Last September, infectious disease specialist Hana Akselrod was already on the verge of a COVID-19 pandemic when another crisis broke out. Hackers have deployed ransomware malware (commonly referred to as ransomware) on the web of George Washington University Hospital devices. Akselrod et al. Suddenly lacked resources such as electronic health records to promote quick and efficient care.Like below Colonial Pipeline Ransomware Attack In May of this year, many of the critical infrastructures of the hospital system crashed.
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When the hospital went offline, the staff traveled 20 years ago. As in Axelrod’s medical school days, hospitals had to rely on paper files and triple-check for errors that would normally be corrected by a computer. In addition to causing inconvenience, the crisis also endangered lives. The hospital was forced to bypass the ambulance because the over-expanded staff could not accept new hospitalizations. The breach also interfered with urgent test results. For example, medical internships can usually update a patient’s chart to receive important test results shortly after arrival. Following the cyberattack, the intern scrambled between floors, checked with the lab and reported to the doctor.
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Such delays can be costly. Accelerator Rod explains that if a test shows a fast-moving infection like MRSA, doctors need to know as soon as possible and stabilize the individual before the condition worsens. To complicate matters, the rapid COVID-19 PCR test determines whether incoming patients can share a room or need quarantine. Misunderstood result Led to Accidental coronavirus exposure among Askelrod colleagues during the September crisis. “In infectious diseases [medicine]Rapid communication between laboratories, medical teams, nurses and pharmacies ensures that both patients and teams are safe and that these infections can be treated quickly. This may be important for patient outcomes, “said recently selected as the COVID-19 response lead for GW Medical Faculty Associates.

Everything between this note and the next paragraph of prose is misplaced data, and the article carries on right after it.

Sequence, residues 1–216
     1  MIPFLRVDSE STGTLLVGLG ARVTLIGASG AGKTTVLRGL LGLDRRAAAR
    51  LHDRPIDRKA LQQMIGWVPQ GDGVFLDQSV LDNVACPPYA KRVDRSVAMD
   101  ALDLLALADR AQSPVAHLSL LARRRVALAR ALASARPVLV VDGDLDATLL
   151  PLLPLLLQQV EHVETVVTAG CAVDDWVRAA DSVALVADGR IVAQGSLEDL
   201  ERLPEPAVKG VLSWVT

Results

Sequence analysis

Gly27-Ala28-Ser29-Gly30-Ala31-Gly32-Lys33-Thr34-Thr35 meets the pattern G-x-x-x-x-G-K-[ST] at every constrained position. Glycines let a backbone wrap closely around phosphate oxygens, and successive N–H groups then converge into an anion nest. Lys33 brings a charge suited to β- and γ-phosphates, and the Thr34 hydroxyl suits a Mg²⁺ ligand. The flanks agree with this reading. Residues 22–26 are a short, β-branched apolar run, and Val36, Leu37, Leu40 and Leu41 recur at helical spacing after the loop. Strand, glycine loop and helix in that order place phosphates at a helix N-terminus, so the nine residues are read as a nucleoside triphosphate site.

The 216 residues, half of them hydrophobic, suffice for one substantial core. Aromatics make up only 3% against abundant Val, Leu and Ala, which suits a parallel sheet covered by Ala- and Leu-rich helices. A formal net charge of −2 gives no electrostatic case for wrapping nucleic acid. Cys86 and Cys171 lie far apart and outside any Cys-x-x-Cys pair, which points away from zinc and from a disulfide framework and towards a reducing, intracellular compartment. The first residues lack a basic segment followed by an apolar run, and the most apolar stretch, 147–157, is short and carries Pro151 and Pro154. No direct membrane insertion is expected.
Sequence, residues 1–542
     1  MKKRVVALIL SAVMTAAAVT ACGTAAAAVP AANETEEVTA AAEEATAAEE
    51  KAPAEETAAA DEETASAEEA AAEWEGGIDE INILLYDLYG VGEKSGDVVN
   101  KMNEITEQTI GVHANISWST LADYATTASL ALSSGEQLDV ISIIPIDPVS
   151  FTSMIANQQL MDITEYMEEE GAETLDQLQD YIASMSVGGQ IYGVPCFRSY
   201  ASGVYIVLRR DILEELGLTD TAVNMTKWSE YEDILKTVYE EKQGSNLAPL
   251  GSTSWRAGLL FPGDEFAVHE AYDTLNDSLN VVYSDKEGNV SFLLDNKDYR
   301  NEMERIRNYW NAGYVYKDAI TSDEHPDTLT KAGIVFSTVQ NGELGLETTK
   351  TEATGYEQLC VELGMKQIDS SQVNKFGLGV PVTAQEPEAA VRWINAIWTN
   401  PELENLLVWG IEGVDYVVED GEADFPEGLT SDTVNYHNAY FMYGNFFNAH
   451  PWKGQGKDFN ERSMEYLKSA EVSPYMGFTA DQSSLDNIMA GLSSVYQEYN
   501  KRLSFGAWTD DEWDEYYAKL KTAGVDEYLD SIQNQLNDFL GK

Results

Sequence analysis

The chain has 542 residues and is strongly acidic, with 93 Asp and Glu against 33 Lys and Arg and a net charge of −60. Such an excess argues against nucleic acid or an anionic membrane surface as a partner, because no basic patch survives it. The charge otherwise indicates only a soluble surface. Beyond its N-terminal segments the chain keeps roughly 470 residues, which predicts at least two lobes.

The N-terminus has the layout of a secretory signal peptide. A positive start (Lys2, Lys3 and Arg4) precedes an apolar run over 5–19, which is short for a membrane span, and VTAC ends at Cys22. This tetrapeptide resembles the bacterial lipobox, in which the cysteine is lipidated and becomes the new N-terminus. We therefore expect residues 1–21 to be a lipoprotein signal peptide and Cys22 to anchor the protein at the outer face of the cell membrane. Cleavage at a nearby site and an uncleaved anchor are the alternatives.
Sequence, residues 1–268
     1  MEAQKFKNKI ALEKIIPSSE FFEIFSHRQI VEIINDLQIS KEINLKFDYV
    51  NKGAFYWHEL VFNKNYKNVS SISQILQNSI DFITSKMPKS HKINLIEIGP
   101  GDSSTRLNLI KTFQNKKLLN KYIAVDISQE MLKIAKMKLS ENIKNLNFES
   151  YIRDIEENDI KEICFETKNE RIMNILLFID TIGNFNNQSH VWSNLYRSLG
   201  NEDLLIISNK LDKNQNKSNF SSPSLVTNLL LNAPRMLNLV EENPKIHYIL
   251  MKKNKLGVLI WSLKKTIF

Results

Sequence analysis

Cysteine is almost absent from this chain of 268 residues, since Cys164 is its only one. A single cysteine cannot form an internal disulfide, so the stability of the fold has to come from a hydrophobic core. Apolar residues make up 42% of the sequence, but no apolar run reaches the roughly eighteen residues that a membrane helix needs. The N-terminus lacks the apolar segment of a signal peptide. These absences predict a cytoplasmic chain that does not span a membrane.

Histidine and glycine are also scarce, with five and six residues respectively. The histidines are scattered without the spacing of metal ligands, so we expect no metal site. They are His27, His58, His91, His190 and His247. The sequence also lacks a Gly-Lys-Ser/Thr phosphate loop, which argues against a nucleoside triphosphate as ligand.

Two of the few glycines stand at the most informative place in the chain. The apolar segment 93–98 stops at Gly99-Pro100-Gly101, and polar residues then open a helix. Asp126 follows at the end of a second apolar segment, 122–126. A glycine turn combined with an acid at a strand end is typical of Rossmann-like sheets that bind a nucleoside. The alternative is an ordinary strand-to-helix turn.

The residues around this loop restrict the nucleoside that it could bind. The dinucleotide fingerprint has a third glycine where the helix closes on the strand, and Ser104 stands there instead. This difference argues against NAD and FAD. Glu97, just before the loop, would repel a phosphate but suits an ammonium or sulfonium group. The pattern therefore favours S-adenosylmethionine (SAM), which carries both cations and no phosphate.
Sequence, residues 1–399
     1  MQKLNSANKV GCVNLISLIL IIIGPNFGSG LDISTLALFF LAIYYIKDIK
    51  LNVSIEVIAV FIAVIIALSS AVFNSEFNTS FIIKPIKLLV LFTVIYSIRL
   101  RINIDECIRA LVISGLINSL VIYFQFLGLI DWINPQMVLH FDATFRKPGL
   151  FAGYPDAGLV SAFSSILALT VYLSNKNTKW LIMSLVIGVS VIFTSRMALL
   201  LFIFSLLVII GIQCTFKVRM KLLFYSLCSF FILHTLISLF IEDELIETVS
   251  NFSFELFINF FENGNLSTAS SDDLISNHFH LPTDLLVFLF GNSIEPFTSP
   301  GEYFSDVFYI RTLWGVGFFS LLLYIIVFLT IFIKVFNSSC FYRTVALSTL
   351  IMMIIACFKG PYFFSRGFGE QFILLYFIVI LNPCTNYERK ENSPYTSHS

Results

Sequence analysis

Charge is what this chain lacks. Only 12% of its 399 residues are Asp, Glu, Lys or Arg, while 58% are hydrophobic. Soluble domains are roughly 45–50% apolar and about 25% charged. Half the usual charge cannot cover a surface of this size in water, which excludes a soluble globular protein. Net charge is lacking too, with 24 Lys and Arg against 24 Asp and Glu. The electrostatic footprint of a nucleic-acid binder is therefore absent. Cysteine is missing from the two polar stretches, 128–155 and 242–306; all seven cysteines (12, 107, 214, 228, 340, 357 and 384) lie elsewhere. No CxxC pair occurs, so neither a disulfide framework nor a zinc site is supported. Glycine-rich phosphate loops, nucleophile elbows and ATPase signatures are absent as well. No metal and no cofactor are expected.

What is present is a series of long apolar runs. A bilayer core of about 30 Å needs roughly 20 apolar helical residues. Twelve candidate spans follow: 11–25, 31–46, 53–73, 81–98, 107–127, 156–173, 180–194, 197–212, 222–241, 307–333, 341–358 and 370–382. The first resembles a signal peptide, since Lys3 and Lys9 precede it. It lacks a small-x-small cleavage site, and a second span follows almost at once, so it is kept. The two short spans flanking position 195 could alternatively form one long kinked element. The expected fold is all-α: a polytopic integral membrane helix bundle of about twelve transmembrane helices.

Overall, the incident to be influenced 250 locations through Universal Health Services System (UHS). This will cause headaches in most office work, but it is especially painful for workplaces where life is hanging in balance.
Hit the most vulnerable
While cyberattacks on healthcare providers have begun to occur Early 2000s, Field ransomware is almost compromised double Perhaps the most widely known example is the 2017 WannaCry ransomware hacking the UK National Health Service. to be influenced Over 80,000 hospitals, cancellation of forced surgery, closure of certain emergency departments.Last year, more than one-third of medical institutions Said According to a survey by British cybersecurity firm Sophos, they encountered ransomware.And the financial demands of the perpetrators sharply Rise: In one of the most striking examples, Irish medical services strike A ransom of about $ 20 million was paid in May of this year (authorities vowed not to pay this).
In addition, many of these events go Unreported This is because hospitals need to disclose protected information only when hackers have access to it.But by 2020, there will be more than 18 million US patient records compromise.. These attacks not only reveal sensitive information such as an individual’s HIV status, but also waste valuable time and even kill them.German prosecutor last year Blame A case involving the death of a woman at a clinic in Düsseldorf. She was experiencing an aneurysm, which required immediate treatment and died after traveling to a further distant facility.For the same reason, hospital hacking Associated with Death from a heart attack.